Zimbabwe is one of three countries in the region selected to benefit from a $20 million African Development Bank (AfDB) soft commodities facility meant to support farmers improve produce for exports.
Malawi and Mozambique will also get funding from the facility meant to provide pre and post shipment finance for soft commodity value chain operations to assist local farmers grow their revenues and produce quality crops for export.
A regional firm, Meridian, which focuses on production and supply of various agricultural inputs/outputs through subsidiaries in Malawi, Mozambique, South Africa, Zambia and Zimbabwe, is managing the facility.
The company, in which the AfDB has a 20 percent shareholding, employs over 4 200 workers and is one of the Southern African Development Community’s largest commodity aggregators, distributing over 250 000 metric tonnes of goods per annum throughout the region.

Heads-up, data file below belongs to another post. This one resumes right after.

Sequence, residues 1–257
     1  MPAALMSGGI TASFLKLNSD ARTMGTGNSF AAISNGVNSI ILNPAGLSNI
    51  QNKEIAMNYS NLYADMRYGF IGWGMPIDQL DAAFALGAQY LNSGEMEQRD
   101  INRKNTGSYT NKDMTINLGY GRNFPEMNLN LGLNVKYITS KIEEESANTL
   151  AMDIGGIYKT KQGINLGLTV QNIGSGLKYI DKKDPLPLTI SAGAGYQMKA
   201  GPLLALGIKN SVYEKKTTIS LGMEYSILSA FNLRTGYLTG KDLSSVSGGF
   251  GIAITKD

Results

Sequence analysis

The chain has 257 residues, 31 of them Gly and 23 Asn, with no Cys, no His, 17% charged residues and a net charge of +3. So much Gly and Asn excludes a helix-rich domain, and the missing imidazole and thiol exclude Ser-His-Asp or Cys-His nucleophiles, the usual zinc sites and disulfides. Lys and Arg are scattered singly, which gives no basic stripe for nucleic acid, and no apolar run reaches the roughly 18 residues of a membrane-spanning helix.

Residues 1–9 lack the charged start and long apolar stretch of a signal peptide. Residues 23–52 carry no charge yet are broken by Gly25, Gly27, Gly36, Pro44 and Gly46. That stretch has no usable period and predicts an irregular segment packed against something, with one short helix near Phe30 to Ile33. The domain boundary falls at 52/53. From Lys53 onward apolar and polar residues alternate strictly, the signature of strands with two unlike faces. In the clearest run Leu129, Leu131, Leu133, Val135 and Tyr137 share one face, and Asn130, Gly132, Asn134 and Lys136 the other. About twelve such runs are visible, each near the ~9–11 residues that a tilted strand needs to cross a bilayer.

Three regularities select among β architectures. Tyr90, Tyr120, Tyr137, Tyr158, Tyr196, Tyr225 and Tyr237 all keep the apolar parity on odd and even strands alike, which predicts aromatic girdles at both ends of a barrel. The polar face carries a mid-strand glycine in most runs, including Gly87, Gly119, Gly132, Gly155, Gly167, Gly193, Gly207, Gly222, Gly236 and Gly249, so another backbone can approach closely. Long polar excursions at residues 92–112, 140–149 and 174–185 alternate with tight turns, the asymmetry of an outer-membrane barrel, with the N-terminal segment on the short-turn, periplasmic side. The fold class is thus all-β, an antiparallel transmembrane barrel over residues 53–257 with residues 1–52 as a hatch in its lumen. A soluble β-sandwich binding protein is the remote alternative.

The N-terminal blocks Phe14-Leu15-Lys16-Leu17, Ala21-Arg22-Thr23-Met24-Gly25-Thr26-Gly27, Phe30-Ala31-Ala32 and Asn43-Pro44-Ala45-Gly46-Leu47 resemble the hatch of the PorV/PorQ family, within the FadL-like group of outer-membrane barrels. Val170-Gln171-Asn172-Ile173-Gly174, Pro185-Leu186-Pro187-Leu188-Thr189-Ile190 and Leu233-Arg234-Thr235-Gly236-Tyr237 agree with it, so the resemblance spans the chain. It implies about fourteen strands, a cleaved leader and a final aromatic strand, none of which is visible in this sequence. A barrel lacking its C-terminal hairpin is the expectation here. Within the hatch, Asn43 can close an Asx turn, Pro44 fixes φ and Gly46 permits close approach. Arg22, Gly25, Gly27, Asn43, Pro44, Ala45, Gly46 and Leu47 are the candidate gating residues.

It is also a major buyer of soft commodities from small-scale farmers using its retail network of over 120 shops spread across rural areas.
“It (the facility) will enable the bank (AfDB) to reach small-scale farmers indirectly through a regional aggregator (Meridian) that understands the market in which it has accumulated a 40-year track record; understands the operational risks and is able to mitigate and manage them,” the AfDB said.
About 10 000 farmers in the three countries are expected to benefit from the support.
The AfDB said the project confirms with its core operational priority of private sector development as articulated in the 10-Year Strategy (2013-2022) and the Trade Finance Programme, which aims to promote exports through support to agriculture and SMEs. — New Ziana.